Cultural depictions of Napoleon

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Napoleon is often represented in his green colonel uniform of the Chasseur à Cheval, with a large bicorne and a hand-in-waistcoat gesture.
A French Empire mantel clock representing Mars and Venus, an allegory of the wedding of Napoleon I and Archduchess Marie Louise of Austria. By the famous bronzier Pierre-Philippe Thomire, ca. 1810.
Celebration of the anniversary of the birth of Napoleon Bonaparte involving historical reenactment groups in uniforms from the Napoleonic period on Napoleon Hill in Szczecin (Poland), 2008

Napoleon I, Emperor of the French, has become a worldwide cultural icon generally associated with tactical brilliance, ambition and political power. His distinctive features and costume have made him a very recognizable figure in popular culture.

He has been portrayed in many works of fiction, his depiction varying greatly with the author's perception of the historical character. In the 1927 film Napoleon, young general Bonaparte is portrayed as a heroic visionary. On the other hand, he has been occasionally reduced to a stock character, depicted as short and bossy, sometimes comically so. Confusion about his height also results from the difference between the French pouce and British inch—2.71 and 2.54 cm respectively; he was about 1.7 metres (5 ft 7 in) tall, which is above average for the period (for example, the average height of an English male was 170 cm (5 ft 7 in))[note 1][2]

Theatre[edit]

Books[edit]

  • In Thomas B. Costain's historical novel The Last Love (1963), a dying Napoleon, banished to St Helena, tells his story to his lone companion, a girl who acts as his English translator.
  • Napoleon is an important character in Leo Tolstoy's War and Peace, where considerable space is devoted to Tolstoy's interpretation of his historical role. He consequently also appears in the adaptations and films of this novel, listed in the following section.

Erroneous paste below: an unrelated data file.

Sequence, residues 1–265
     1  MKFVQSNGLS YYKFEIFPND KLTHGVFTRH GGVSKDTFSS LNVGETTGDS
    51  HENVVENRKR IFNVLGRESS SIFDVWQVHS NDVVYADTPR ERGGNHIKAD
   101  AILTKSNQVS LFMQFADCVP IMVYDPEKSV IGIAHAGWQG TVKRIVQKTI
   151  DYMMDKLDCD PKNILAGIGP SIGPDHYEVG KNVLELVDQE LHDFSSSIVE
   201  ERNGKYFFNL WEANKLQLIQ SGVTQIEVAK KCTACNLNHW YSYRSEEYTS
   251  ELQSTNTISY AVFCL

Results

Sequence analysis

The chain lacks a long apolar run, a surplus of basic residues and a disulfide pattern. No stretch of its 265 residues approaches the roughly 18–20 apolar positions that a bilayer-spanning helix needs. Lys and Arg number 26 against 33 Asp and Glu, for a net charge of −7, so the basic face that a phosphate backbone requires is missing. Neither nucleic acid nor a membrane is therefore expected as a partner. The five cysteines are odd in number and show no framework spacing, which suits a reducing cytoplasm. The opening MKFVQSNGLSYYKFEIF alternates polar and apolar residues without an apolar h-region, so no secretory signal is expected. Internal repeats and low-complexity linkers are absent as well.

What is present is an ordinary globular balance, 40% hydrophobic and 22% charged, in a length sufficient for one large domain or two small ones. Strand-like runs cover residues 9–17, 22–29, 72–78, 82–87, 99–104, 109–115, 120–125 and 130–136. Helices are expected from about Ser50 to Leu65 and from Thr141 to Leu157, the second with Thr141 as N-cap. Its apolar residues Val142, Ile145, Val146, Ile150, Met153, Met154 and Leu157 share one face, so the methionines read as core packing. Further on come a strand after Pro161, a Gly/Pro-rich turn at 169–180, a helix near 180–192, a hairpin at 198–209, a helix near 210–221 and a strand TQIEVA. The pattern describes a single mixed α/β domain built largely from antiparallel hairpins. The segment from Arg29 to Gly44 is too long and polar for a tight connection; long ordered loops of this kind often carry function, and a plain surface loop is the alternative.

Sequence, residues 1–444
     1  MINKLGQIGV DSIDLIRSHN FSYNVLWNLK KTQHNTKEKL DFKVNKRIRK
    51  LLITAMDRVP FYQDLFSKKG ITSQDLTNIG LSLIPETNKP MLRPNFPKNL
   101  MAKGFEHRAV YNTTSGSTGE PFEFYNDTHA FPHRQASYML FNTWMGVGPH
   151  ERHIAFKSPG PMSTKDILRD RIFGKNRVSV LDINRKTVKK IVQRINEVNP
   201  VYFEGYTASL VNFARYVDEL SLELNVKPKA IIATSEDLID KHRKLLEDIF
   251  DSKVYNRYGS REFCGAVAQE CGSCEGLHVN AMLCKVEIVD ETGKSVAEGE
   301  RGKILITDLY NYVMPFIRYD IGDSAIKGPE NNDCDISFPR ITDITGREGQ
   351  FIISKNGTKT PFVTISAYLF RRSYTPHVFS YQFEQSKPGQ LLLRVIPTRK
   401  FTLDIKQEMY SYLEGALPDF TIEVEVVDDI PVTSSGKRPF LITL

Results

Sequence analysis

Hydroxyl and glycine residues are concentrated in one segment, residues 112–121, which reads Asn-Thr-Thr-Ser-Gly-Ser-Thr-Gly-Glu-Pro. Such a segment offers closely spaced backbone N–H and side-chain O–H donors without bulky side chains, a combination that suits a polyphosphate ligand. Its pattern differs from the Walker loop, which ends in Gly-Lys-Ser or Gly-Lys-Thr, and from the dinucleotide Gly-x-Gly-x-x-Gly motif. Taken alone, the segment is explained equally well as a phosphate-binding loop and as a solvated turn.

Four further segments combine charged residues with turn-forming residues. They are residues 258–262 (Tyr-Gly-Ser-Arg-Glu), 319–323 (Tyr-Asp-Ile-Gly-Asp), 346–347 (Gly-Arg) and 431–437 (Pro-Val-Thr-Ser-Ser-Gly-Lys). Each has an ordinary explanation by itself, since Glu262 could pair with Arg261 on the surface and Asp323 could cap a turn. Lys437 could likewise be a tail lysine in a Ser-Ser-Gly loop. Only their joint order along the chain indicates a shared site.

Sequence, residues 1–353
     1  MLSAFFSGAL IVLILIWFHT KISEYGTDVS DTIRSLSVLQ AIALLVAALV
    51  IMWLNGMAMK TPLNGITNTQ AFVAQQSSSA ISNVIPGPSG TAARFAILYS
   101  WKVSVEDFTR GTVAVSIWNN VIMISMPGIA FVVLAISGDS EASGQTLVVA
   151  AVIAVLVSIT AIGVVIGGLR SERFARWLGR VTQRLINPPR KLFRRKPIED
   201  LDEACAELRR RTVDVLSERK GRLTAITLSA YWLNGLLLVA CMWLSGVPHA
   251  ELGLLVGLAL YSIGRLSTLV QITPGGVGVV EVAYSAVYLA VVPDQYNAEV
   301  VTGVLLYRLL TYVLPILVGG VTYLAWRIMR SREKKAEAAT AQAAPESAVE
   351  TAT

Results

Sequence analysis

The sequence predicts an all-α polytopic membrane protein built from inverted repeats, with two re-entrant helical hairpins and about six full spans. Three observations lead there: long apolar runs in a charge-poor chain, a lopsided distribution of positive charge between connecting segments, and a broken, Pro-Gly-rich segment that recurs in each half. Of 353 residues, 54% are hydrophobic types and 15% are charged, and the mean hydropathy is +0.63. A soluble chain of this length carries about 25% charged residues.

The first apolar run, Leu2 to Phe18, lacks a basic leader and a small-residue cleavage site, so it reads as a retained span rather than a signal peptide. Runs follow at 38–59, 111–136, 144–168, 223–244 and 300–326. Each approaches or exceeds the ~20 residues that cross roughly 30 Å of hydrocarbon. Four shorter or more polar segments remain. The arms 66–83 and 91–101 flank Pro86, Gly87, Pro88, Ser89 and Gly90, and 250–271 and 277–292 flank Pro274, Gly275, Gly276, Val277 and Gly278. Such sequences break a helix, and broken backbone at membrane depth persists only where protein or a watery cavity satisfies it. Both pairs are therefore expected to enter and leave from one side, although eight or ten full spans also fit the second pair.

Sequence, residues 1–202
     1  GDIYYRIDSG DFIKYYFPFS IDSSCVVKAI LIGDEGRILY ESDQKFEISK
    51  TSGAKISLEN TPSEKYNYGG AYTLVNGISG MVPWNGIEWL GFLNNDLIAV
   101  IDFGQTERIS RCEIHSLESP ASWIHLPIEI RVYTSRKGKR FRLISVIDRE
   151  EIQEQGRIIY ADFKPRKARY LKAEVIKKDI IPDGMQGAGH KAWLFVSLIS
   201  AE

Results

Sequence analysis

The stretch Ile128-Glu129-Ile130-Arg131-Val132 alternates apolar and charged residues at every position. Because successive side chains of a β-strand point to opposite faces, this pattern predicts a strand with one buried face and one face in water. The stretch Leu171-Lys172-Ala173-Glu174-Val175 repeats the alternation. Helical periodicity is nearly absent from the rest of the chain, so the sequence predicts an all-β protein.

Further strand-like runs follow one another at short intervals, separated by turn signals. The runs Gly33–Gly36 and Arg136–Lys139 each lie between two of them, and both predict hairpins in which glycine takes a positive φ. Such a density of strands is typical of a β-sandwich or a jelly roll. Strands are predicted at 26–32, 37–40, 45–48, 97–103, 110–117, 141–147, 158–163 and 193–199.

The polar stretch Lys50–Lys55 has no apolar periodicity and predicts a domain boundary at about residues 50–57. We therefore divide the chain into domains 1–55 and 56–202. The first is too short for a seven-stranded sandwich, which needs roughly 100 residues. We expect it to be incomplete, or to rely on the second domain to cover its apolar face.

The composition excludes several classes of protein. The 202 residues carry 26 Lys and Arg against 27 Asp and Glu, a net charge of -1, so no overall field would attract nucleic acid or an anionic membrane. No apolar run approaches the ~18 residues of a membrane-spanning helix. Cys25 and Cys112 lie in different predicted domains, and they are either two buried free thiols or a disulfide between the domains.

• Napoleon appears briefly in the first section of Victor Hugo's Les Miserables, and is extensively referenced in later sections.
  • Bernard Cornwell's novel Sharpe's Devil features a meeting between Napoleon, and the fictional Richard Sharpe.
  • He is featured in the manga Eikou no Napoleon – Eroica, written by the manga artist Riyoko Ikeda.
  • Napoleon features prominently in the BBC Doctor Who Past Doctor Adventure World Game, where the Second Doctor must avert a plot to change history so that Napoleon is victorious. In an alternate timeline created by the assassination of the Duke of Wellington prior to Waterloo, Napoleon is persuaded to march on to Russia after the victory of Waterloo, but he dies shortly afterwards, his empire having become so overextended that the various countries collapse back into the separate nations they were before, thus degenerating into a state of perpetual warfare. (This situation is made worse due to the intervention of the Doctor's old enemies the Players).
  • Napoleon plays an indirect yet important part in Alexandre Dumas's novel The Count of Monte Cristo. The novel starts in 1815 with Napoleon exiled on the island of Elba. Here we learn that he hands a letter to the protagonist Edmond Dantes to give to one of his chief (fictional) supporters in Paris - Nortier De Villefort, the president of a Bonapartist club. Dantes is unaware that Villefort is an agent of the exiled Emperor and that the letter Napoleon handed him contained instructions and plans about Napoleon's planned return to Paris. Dante's rivals include Gérard De Villefort, the opportunistic son of Nortier (who is a royalist), who uses the letter to frame Dantes and have him imprisoned in the Chateau d'If until he escapes after 14 years and seeks vengeance upon those who wronged him.
  • C. S. Forester's Hornblower series of novels are mostly set during the Napoleonic Wars, in particular book 9 of the series, Commodore Hornblower focusing on the French invasion of Russia and the subsequent defence of Riga from the period of 1812 onwards, and book 10 Lord Hornblower dealing with events in France up to the defeat of Napoleon by Wellington at Waterloo.
  • Napoleon is one of the two main characters in Simon Scarrow's The Revolution Quartet, which details Napoleon's life from his birth to his defeat at the Battle of Waterloo alongside that of Arthur Wellesley's.
  • In an Archie comic story featuring Jughead Jones, he is inadvertently transported by ambulance to a mental hospital. At first he protests, but relents upon hearing how well the patients are fed. When a nurse asks for his name, he replies "Napoleon Bonaparte."[3] A later update changed this to him saying "You know who I am, Sonic! I am the genius, Dr. Robotnik!"[4]
  • H. Beam Piper's short story He Walked Around the Horses features a parallel universe in which both the American Revolution and the French Revolution were suppressed. Consequently, Napoleon does not rise to power and the Napoleonic Wars never take place. In 1809, he is described by a British general named Sir Arthur Wellesley as being a Colonel of Artillery in the French Army and a brilliant tactician whose loyalty to the French monarchy has never been questioned.
  • The collection If, or History Rewritten assembles numerous alternate history essays written in the first four decades of the 20th century. Napoleon has varying roles in many of them.